We're always told to be honest, upfront, and open with our significant others, but some things are best left out of relationships. Think twice before you over-share, because we can think of at least five things that your boyfriend shouldn't, doesn't, and never will want to know…
“I have a mustache!”
Bleach, wax, shave, laser, pluck, tweeze, pull, or cover up—I don’t care how you deal with excess hair, and neither does your man. The occasional complaint is not necessarily off-limits (“It’s so unfair that you don’t have to shave your legs!” or “Waxes are so expensive!”) but the logistics of your hair removal are better left between you and your friends. And your follicles. Why? Not only will your boyfriend immediately picture you with a Grover Cleveland style handlebar mustache, but he’ll also have nothing to add to the conversation so you’ll be left feeling both stupid and hairy.
“Here are the details surrounding my horrible stomach flu!”
I too have read the canonical literary work Everybody Poops. But notice that the sequel …And Here are the Graphic Detailsnever got published. Your boyfriend is more than welcome to bring you chicken soup when you get sick (or, in this case, water and toast), but then he should probably leave and let you do the dirty work. Call me old-fashioned, but I come from the school of ‘what happens in the bathroom stays in the bathroom.’
“I had (another) sex dream about my ex!”
You can be open and honest without divulging every detail of your waking and sleeping life. Had sex with your ex? Tell him. Dreaming about sex with your ex? Keep it to yourself. It’s not like you feel compelled to tell him about the weird dragon fight or topless midterm recurring nightmare. What’s the point of starting a fight and making him feel insecure when you could just roll over and cuddle with the guy who’s actuallyin your bed?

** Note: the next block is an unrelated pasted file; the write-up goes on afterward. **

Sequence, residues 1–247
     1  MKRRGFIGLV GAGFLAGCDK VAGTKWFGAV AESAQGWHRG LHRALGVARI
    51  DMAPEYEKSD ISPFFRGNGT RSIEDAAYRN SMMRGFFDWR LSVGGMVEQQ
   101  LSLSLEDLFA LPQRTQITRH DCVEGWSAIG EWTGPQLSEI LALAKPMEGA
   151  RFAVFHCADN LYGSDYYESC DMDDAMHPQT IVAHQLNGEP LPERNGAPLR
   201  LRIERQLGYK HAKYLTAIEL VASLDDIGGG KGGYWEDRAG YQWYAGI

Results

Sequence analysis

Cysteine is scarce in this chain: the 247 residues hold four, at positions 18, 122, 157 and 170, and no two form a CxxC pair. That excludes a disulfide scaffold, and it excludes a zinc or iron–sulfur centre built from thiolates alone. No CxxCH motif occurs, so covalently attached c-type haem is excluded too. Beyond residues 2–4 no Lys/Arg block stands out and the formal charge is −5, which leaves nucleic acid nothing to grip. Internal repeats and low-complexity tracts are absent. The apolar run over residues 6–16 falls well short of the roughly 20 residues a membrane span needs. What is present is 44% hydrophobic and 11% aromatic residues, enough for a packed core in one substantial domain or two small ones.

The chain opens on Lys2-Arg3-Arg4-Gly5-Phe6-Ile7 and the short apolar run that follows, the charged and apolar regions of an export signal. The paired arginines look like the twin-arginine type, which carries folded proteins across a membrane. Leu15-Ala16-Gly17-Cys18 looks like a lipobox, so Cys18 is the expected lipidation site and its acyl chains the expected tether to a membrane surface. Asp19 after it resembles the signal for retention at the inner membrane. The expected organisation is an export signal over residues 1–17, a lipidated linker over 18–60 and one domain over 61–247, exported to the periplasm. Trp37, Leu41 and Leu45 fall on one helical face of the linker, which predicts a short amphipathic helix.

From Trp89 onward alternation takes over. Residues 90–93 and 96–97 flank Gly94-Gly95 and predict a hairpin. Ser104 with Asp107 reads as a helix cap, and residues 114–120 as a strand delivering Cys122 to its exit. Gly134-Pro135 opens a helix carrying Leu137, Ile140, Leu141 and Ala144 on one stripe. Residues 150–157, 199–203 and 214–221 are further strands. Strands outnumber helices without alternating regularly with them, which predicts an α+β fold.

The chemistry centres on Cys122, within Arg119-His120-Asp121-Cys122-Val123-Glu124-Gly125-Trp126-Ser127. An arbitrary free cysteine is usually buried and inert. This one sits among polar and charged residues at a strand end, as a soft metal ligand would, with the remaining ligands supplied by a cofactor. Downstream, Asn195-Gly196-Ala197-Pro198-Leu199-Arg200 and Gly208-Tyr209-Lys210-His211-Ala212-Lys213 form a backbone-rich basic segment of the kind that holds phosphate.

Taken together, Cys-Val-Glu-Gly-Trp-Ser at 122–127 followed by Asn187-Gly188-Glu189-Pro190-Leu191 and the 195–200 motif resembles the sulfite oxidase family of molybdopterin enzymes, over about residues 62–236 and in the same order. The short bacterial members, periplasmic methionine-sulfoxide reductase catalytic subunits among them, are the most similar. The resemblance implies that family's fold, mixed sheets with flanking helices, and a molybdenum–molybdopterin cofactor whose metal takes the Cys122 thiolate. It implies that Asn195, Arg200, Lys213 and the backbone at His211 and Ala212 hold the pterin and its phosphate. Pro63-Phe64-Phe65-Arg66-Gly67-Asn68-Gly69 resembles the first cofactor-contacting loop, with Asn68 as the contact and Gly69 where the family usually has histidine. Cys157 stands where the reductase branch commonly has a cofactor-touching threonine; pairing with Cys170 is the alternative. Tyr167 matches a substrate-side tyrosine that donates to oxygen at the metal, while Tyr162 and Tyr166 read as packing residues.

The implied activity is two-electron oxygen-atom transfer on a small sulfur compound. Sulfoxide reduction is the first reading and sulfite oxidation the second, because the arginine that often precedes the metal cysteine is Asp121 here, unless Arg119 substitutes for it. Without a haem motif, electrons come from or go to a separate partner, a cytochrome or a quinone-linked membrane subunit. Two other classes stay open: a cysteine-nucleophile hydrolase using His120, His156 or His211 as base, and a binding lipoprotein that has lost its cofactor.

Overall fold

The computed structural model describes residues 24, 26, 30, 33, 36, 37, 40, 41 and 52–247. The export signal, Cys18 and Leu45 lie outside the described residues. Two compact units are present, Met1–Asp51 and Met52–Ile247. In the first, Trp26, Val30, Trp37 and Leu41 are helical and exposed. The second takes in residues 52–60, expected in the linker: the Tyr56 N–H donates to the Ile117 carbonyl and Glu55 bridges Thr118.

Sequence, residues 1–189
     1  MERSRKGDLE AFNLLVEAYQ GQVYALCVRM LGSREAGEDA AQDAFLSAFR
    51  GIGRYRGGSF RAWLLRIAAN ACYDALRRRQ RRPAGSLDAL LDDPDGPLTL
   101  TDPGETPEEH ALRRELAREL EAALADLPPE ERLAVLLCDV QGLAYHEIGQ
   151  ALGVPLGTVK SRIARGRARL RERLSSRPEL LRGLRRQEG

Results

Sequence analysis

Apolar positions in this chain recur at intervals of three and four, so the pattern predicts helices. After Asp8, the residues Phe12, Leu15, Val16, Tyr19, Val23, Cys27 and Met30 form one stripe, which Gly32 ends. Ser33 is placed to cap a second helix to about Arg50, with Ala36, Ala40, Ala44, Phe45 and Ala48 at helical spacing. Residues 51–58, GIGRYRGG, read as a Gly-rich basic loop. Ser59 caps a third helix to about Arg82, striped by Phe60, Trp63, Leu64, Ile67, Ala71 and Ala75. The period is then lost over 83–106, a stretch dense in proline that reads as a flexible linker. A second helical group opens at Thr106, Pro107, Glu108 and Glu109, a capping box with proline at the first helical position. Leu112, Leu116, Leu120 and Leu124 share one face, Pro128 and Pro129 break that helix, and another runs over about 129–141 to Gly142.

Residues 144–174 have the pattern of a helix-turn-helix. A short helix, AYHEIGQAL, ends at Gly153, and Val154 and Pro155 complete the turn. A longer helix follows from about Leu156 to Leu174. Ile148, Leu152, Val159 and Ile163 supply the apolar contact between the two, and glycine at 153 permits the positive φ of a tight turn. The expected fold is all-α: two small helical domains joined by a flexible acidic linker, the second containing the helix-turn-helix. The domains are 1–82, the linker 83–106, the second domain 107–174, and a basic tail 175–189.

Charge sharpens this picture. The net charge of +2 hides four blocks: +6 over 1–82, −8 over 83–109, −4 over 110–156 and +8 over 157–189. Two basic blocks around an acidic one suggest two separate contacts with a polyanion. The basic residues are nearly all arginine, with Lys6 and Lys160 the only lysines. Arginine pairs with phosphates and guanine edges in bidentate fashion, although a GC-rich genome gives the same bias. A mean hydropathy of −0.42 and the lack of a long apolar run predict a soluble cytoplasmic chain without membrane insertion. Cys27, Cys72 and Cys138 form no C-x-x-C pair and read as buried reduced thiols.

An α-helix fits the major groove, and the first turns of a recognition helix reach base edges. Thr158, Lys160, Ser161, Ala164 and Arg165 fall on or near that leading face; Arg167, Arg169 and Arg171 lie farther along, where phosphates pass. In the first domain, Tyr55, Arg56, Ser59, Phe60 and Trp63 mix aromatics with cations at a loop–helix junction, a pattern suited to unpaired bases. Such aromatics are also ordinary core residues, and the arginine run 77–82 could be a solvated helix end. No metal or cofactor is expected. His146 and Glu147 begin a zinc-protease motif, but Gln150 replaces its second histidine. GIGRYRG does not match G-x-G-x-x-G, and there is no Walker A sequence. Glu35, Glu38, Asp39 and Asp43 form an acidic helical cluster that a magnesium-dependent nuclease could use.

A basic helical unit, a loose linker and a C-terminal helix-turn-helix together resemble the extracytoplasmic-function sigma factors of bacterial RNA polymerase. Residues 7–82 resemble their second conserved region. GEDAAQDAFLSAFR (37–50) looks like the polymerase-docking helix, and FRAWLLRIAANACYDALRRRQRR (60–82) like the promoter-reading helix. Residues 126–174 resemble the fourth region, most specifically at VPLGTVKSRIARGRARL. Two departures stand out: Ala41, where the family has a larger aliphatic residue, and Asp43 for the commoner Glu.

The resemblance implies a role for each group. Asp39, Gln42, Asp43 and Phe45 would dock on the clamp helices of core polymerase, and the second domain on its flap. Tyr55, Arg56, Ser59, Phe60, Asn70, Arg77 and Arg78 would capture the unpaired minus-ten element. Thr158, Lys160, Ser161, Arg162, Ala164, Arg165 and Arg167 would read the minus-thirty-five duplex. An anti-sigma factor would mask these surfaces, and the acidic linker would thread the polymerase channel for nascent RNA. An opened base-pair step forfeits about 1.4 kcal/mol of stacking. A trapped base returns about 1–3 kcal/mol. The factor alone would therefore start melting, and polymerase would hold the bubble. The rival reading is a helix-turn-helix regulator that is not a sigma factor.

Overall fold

“My mom thinks I can do better than you!”
This is mean. So don’t say it. When you’re in a relationship there’s an implicit understanding that you’re overriding all of the negative opinions friends and family may voice because you, unlike your mother, don’t care if your partner is temporarily unemployed or in the middle of a long hair phase. By bringing up irrelevant negativity, you’re hurting feelings and creating tension when you could just wait in the unemployment line brushing your boyfriend’s long hair happily. Or, you know, whatever.
“I’m attracted to your brother!”
Or cousin, or best friend, or dad. Everyone has attractions, and that’s something you can’t always control (although I’ve found that picturing the object of attraction getting a cavity filled curbs libido pretty quickly). But when you share attractions that you don’t ever want to act upon or materialize, you make your partner feel needlessly insecure. Especially if the other person is, hypothetically, his stronger and more successful dashing older brother. The bottom line: no one wants to think of their partner thinking of their sibling. Gross.
Sure, you want an open and honest relationship, but “discretion” and “tact” are not always euphemisms for “lie.” You have our official permission to keep the occasional dream, stomach flu, and wax to yourself, guilt free. (And, while you’re at it, you might encourage your partner to do the same…)